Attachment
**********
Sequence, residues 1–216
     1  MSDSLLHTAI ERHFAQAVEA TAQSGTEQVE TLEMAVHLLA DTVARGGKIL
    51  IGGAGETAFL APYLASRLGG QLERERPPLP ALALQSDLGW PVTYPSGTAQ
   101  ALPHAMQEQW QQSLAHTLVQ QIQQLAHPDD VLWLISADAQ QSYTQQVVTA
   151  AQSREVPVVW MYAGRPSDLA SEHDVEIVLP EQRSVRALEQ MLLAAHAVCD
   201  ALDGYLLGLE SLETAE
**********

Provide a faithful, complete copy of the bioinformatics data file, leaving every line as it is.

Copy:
Sequence, residues 1–216
     1  MSDSLLHTAI ERHFAQAVEA TAQSGTEQVE TLEMAVHLLA DTVARGGKIL
    51  IGGAGETAFL APYLASRLGG QLERERPPLP ALALQSDLGW PVTYPSGTAQ
   101  ALPHAMQEQW QQSLAHTLVQ QIQQLAHPDD VLWLISADAQ QSYTQQVVTA
   151  AQSREVPVVW MYAGRPSDLA SEHDVEIVLP EQRSVRALEQ MLLAAHAVCD
   201  ALDGYLLGLE SLETAE